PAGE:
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It’s been more than three decades since Greg Hawks picked up his first instrument, kicking off a career that has found the critically-acclaimed songwriter, front man, and multi-instrumentalist leaving his mark on everything from alt-country to bluegrass music.

He casts a wide net with 2018’s I Think It’s Time, an album inspired by the twang of classic country, the hooks of 1970s pop/rock, the rhythmic soul of old-school Stax records, and Hawks’ own roots in the American South. With influences that veer from Big Star to Buck Owens, I Think It’s Time shines new light on an enduring, eclectic musician who was making Americana music long before the genre had a name.  “The album is a culmination of all my influences, thrown into a big pot as separate ingredients and turned into something cohesive and new,” says Hawks, who recorded I Think It’s Time at his home studio in Chapel Hill, North Carolina.

He produced the album himself, playing most of the instruments — from finger-style acoustic guitar to keyboards — along the way. He then turned to Chris Stamey (the dB’s, Whiskeytown, Alex Chilton), who had previously mixed Hawks’ debut album for YepRoc Records, Fool’s Paradise, back in 2001. Stamey reprised that role for I Think It’s Time, resulting in a DIY album whose songs mix Hawks’ sharp, melody-driven songwriting with plenty of social commentary.

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Nashville Beats: Country Musician Clare Dunn Releases Soulful Dylan Cover

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Clare Dunn, known for her transfixing live shows, unparalleled guitar artistry, and clean, powerful vocals has released her version of Bob Dylan’s “Make You Feel My Love.” This track’s audio and video were recorded in one pass and Clare’s vocal remains raw and unedited.

“I’ve always loved this song because of its poetic cadence and honesty. I recently rediscovered it playing guitar on my couch late one night, and remembered being a little girl driving a tractor the first time I heard Garth Brooks’ version of it, so in a lot of ways, Garth introduced me to Bob Dylan. I love Dylan’s writing style so when I was offered the opportunity to record a song of my choice for Spotify, this was my immediate pick,” says Clare.

An artist on the ascent, Clare is a “masterful guitar player who can do it all” (CMT) with “big, soaring vocals and serious guitar prowess,” (Rolling Stone).

Clare caught the attention of rock legend Bob Seger who, after hearing her sound check only once, invited her to be his opener for his Ride Out Tour.

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A Sound Recommendation: The Marcus King Band

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A Songwriter. Guitarist. Singer. Bandleader.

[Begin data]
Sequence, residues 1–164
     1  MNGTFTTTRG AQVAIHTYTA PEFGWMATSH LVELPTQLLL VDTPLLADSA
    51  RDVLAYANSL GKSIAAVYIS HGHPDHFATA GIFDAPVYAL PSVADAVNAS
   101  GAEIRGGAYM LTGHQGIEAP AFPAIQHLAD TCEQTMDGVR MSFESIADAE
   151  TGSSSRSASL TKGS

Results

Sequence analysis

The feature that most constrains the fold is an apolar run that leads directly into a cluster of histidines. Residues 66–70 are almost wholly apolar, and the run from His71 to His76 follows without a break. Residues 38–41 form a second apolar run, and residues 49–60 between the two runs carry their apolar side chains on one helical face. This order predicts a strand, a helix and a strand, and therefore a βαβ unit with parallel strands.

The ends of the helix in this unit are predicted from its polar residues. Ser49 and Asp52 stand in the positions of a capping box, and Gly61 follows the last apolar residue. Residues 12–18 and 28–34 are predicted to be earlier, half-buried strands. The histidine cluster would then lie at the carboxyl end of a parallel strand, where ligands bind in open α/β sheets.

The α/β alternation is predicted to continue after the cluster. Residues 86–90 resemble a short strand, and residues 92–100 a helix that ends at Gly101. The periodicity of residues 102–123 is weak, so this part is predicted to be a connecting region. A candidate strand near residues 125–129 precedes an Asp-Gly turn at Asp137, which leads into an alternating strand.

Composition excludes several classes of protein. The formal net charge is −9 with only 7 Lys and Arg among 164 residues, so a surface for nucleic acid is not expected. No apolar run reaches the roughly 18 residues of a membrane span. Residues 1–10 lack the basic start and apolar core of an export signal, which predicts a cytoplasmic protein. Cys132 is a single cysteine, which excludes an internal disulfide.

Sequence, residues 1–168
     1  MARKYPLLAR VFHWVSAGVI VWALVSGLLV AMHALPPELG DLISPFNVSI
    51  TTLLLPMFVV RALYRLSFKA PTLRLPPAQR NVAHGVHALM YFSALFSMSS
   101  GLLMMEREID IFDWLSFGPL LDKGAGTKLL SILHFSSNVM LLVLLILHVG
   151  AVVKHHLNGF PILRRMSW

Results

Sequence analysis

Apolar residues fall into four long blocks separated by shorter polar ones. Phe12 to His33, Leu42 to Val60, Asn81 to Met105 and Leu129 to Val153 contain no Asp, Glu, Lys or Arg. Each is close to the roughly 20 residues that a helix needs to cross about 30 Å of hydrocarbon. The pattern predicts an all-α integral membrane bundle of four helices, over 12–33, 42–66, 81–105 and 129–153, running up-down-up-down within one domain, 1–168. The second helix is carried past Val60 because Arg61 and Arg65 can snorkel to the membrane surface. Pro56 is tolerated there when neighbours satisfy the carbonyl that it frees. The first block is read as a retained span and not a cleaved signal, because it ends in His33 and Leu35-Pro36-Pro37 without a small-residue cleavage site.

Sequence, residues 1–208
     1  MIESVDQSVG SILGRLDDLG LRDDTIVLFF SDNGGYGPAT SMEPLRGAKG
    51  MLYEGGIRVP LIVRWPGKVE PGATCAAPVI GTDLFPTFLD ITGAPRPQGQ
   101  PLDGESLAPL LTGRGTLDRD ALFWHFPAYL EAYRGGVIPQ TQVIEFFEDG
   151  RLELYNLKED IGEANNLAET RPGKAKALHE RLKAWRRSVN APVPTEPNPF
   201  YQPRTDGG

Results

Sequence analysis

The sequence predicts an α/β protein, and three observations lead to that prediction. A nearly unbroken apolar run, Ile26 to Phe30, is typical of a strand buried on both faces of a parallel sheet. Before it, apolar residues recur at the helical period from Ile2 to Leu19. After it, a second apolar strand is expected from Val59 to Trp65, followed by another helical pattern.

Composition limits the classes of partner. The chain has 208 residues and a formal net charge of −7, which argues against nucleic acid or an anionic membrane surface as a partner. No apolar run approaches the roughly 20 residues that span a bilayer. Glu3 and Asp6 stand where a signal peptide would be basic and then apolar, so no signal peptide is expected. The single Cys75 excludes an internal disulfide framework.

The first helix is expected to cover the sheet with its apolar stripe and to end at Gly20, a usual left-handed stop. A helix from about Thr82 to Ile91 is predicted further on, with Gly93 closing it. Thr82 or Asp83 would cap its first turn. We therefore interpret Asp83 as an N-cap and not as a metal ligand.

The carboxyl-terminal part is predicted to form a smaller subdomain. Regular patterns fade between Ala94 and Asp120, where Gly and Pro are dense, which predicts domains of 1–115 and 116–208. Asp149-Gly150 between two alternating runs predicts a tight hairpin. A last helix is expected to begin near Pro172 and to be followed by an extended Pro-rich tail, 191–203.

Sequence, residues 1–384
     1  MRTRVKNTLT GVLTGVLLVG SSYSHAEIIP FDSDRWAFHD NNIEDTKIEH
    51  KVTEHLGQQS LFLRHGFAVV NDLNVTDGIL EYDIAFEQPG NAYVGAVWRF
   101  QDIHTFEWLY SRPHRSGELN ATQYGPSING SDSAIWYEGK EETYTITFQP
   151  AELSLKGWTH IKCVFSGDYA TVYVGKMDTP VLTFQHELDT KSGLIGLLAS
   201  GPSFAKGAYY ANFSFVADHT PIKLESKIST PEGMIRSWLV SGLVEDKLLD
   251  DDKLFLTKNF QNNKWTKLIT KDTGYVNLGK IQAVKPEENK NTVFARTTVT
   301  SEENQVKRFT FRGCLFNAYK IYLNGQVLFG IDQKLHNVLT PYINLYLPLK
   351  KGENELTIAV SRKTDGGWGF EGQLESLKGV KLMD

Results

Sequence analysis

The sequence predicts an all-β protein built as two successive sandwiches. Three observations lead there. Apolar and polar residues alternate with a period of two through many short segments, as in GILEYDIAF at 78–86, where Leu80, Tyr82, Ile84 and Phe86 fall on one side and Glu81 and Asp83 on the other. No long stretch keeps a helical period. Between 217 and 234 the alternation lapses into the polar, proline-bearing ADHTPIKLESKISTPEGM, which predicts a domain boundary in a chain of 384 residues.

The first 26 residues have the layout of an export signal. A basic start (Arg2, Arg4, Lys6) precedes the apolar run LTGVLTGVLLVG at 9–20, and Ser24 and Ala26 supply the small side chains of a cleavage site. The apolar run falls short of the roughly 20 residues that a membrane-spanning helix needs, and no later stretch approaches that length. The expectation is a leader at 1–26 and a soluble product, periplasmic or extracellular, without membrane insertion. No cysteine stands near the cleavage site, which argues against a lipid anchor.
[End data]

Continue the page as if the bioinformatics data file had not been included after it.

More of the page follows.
Raised in Greenville, South Carolina, King was brought up on the blues, playing shows as a pre-teen sideman with his father—bluesman Marvin King, who himself was the son of a regionally-known guitarist—before striking out on his own.

Going beyond the sonic textures of his acclaimed 2015 debut album, Soul Insight; The Marcus King Band broadens his sound, touching upon everything from funky R&B to Southern soul and Americana in the process. His band gets in on the action too, stacking the songs with blasts of swampy brass, a lock-step rhythm section and swirling organ. Ever the multi-tasker, King bounces between several instruments, handling electric and acoustic guitar — as well as pedal and lap steel — while driving each track home with his soulful, incendiary voice.

A childhood introvert who leaned heavily on music as a way of expressing himself, King fills The Marcus King Band with a mix of biographical tunes and fictional story songs.

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His latest release, Carolina Confessions features 10 brand-new songs, all written by Marcus except for ‘How Long,’ which was co-written with the Black Keys’ Dan Auerbach and veteran songwriter Pat McLaughlin.

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Whether it’s the searing rock exorcism of ‘Confessions’ or the propulsive road-bound soul of ‘Where I’m Headed,’ Marcus exhibits an almost Southern gothic sensibility in his songs, owning up to failed relationships, portraying his complex connection with his hometown, arraying a sprawling musical firmament in the process.

Marcus and his five bandmates – drummer Jack Ryan, bass player Stephen Campbell, trumpeter/trombonist Justin Johnson, sax player Dean Mitchell and keyboard player DeShawn ‘D’Vibes’ Alexander – are in top form on Carolina Confessions, exhibiting an intuitive sense of control and expression as they tackle their most sonically layered and emotionally complex compositions to date.